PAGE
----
Having a Fun and Sugar-Safe Halloween

If you have a child or grandchild with diabetes, you naturally want him or her to have a fun, safe Halloween. With a little planning, you can easily achieve this goal.

Taking the focus away from candy and placing it on other aspects of the holiday might make this the most enjoyable and spook-tacular Halloween ever.

Creating a Sugar-Safe Halloween

The following are suggestions only. Your physician's instructions and your own common sense take precedence.

  1. Some parents “buy” their diabetic child’s Halloween candy stash and let the child use that money to purchase a book, CD or toy. Or you can purchase a toy you know your child will like ahead of time and give it to him or her in exchange for the candy.
  2. You might ask your neighbors to have some non-candy goodies available to hand out such as stickers, books or small toys.
  3. Take the focus off Halloween candy by emphasizing other aspects of the holiday. Think about creatively decorating the house or yard, making an awesome costume, face painting, roasting the seeds from your carved pumpkin (see the recipe below), attending local Halloween activities, or hosting a Halloween party for your child and his or her friends.
  4. Sort through your child’s bag of candy and pick out pieces that can be used to treat future sugar lows (e.g., hard candies). Divide this candy into 15g carb servings and put each serving in a small plastic bag. Keep the bags in handy places such as the car or the child’s backpack.
  5. Allow your child to keep a few pieces of his or her favorite candy and toss or donate the rest. Let your child eat the candy over the next few days and use it as an opportunity to demonstrate how to cover carbohydrates with insulin.
  6. Make a low-sugar Halloween a family project. Encourage siblings who are not diabetic to pick out their favorite pieces of candy and toss or donate the rest. Children’s hospitals often welcome donations of Halloween candy.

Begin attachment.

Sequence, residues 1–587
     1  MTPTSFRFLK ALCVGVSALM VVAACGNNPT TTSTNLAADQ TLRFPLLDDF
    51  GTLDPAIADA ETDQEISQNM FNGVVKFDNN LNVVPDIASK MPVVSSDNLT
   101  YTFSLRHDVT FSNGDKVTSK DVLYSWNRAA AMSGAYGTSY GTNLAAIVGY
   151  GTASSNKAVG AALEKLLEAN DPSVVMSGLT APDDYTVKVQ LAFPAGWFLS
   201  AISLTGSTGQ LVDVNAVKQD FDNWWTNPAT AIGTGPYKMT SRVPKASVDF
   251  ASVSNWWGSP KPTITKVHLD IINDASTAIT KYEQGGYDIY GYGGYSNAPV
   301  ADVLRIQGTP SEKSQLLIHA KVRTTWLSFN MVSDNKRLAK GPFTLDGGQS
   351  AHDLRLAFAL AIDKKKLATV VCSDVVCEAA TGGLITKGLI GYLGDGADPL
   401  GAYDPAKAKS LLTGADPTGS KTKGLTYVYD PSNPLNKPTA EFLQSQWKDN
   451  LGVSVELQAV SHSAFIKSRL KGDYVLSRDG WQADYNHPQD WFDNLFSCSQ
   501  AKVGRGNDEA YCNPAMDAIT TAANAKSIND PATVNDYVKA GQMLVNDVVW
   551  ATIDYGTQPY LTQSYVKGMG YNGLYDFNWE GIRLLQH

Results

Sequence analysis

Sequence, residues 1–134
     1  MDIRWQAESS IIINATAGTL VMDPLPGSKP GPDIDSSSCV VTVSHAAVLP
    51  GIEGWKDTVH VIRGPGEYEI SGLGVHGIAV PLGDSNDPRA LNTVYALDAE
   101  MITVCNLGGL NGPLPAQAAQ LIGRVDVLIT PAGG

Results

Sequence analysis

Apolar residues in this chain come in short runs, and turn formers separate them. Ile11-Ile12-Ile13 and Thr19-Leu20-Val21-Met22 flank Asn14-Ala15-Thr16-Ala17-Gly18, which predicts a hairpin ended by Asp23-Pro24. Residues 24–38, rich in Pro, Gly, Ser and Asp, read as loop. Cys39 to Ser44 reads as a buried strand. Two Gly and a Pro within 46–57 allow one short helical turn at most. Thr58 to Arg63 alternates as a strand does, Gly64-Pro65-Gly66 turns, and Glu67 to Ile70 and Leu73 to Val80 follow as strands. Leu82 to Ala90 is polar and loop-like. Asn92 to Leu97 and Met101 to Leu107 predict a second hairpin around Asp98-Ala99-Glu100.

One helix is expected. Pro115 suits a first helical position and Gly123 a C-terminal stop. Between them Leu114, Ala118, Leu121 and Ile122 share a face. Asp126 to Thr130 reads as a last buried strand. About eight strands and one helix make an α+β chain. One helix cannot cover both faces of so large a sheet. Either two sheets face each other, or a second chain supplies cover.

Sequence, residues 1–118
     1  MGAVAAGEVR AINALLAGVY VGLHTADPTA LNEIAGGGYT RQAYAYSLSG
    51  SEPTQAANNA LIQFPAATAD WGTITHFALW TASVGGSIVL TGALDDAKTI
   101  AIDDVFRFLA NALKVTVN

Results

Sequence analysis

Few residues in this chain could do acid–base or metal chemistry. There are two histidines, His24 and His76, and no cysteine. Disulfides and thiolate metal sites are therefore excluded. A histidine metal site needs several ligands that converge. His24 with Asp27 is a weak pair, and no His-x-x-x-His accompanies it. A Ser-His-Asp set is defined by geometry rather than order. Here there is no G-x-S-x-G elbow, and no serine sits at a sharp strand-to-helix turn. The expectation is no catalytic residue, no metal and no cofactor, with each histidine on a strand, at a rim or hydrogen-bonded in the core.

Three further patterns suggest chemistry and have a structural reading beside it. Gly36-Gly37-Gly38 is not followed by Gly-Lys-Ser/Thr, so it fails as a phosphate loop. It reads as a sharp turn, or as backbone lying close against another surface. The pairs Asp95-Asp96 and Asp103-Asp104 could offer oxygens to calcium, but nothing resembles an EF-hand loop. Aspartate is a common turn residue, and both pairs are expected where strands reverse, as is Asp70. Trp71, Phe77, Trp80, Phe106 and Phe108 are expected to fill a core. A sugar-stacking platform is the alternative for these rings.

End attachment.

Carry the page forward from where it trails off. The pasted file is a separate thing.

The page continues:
7. Children and adults with diabetes can have some sugar. Fun-size candy bars have approximately 10 to 15g of carbohydrates and can be factored into the child’s meal plan or covered by insulin.
  8. If you are an adult with diabetes and will be handing out the goodies to trick-or-treaters, avoid purchasing bags of your favorite candies.

Be aware that candies containing sugar alcohols such as sorbitol may trigger diarrhea if eaten in excess. Though they are absorbed more slowly than regular sugar, these sugar alcohols still affect glucose levels.

Monster Mash Trail Mix

Making this low-sugar trail mix is a fun Halloween activity to enjoy after carving the family’s pumpkin.

Ingredients

  • 1 cup pumpkin seeds
  • 1 cup slivered almonds
  • 1/2 cup coconut flakes
  • 1 cup dried cranberries

Preparation

  1. When carving your pumpkin, set the slimy insides aside. Later, pull out the seeds, rinse and dry them off.
  2. Preheat the oven to 350 degrees Fahrenheit.
  3. Cover a shallow baking pan with parchment paper and spread the pumpkin seeds over the paper.
  4. Sprinkle on the slivered almonds and coconut flakes; bake five to ten minutes or until golden. Let it cool.
  5. Add in the dried cranberries.

Sources: University of Michigan and The Campanil

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